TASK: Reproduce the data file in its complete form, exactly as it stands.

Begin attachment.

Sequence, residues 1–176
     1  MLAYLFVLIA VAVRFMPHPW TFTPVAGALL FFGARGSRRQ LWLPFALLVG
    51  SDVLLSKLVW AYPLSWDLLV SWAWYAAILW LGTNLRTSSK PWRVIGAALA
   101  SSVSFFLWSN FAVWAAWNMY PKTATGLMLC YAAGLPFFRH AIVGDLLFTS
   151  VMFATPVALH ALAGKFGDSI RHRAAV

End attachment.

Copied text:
Sequence, residues 1–176
     1  MLAYLFVLIA VAVRFMPHPW TFTPVAGALL FFGARGSRRQ LWLPFALLVG
    51  SDVLLSKLVW AYPLSWDLLV SWAWYAAILW LGTNLRTSSK PWRVIGAALA
   101  SSVSFFLWSN FAVWAAWNMY PKTATGLMLC YAAGLPFFRH AIVGDLLFTS
   151  VMFATPVALH ALAGKFGDSI RHRAAV